Beauty may have killed the beast in the cinematic version of King Kong, but a fire covering almost five acres on the backlot of Universal Studios Hollywood on June 1 is what ultimately destroyed the gargantuan gorilla. Firefighters say a worker's blowtorch accidentally ignited the spectacular blaze on the 391-acre amusement park -- cum -- working studio that scorched both the King Kong attraction and the New York street scene from movies like Transformers and Batman & Robin.
Also snuffed out were storage facilities containing thousands of copies of movies such as Out of Africa and Dead Men Don't Wear Plaid, as well as reel-to-reel music recordings from the '40s and '50s (Dodie Stevens, Lenny Dee). Miraculously, all was not lost: The courthouse from Back to the Future was spared (even though the surrounding square was torched), and tourists were able to return 24 hours after the fire began though the popular tram tours were rerouted away from the Kong attraction.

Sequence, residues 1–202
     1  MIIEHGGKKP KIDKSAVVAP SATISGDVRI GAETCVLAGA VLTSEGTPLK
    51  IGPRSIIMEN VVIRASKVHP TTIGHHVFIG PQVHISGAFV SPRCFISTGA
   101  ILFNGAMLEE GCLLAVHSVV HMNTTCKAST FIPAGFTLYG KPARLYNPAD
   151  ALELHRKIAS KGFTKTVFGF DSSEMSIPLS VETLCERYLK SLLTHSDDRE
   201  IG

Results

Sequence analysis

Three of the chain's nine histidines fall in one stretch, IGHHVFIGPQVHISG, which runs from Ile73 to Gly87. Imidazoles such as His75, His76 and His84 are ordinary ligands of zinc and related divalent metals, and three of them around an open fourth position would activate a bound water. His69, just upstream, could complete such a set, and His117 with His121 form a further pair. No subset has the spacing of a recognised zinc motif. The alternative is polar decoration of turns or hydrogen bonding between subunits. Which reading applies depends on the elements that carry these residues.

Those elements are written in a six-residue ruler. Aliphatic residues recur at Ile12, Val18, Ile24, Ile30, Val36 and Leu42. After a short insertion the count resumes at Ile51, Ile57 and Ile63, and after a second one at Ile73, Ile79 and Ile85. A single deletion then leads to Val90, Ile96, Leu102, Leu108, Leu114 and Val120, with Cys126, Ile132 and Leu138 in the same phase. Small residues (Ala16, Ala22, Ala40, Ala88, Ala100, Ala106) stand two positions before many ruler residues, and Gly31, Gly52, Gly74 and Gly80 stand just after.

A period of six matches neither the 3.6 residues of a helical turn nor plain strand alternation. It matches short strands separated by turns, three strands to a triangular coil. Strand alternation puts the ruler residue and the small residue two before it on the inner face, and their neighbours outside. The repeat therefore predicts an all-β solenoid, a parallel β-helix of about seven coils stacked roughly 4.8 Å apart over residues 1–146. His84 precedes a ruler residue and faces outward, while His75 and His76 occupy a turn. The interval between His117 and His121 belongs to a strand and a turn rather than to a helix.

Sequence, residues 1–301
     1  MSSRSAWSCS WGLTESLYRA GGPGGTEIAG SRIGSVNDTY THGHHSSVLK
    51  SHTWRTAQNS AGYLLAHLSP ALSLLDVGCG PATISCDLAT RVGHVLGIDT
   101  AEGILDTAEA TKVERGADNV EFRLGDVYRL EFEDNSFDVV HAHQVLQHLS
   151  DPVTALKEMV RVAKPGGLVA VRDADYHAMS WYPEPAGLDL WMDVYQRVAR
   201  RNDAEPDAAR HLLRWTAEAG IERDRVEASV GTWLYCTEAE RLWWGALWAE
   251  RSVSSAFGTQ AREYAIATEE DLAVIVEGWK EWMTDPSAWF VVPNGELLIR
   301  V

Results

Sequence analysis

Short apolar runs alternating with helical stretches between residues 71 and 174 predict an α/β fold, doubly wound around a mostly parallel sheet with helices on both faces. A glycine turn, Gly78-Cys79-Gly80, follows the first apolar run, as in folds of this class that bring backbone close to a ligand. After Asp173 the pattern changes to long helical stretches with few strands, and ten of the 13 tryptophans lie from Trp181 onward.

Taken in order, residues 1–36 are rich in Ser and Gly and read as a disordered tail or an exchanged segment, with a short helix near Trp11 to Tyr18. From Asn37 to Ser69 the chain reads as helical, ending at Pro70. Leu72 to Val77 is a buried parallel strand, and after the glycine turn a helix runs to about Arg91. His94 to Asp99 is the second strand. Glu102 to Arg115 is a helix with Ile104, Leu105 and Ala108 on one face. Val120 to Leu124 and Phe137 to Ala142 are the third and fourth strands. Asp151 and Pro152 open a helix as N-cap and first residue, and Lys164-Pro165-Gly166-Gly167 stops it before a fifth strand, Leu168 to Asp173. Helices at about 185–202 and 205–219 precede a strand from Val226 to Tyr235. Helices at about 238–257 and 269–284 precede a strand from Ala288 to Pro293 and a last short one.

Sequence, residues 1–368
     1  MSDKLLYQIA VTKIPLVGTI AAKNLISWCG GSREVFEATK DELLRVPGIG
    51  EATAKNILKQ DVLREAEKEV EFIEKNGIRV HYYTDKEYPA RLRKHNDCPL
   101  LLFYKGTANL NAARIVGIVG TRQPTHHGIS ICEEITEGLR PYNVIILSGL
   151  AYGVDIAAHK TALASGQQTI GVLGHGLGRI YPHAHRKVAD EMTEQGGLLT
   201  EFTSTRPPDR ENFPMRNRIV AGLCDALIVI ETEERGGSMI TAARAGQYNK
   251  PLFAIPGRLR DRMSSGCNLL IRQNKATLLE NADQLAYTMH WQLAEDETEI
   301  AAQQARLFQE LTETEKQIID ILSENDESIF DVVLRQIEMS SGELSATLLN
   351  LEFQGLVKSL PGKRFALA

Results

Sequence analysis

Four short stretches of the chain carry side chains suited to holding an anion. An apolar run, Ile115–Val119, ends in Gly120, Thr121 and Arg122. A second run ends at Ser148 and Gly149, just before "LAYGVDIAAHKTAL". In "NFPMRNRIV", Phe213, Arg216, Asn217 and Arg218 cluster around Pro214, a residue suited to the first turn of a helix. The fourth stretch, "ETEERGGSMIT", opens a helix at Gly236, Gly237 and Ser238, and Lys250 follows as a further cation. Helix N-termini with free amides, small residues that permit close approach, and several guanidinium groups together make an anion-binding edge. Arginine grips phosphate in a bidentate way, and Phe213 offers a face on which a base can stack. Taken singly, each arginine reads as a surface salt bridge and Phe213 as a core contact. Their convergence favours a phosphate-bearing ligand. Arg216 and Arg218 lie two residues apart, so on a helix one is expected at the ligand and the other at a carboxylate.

As for those precious archives, studio officials insist damage was minimal, since everything had been backed up. In fact, all the Hollywood studios say they keep duplicates of their old films and TV shows in climate-controlled subterranean storage facilities as far away as Kansas and Missouri. Explains a Universal Music Group insider, ''We had already moved most of what was formally stored there to other, more high-tech facilities as part of a larger preservation effort. Of the amount that was still there and waiting to be moved, it had already been digitized, so the music will be around for years to come.'' So will the Kong attraction, it seems. Universal has vowed to rebuild it, as well as the New York street scene though that's hardly a substitute for the real thing. ''It's a real shame whenever you lose a piece of movie history,'' said Hollywood veteran Jeffrey Katzenberg. ''The videos are replaceable, but things like the King Kong set are a big loss to movie fans everywhere.'' with additional reporting by Carrie Bell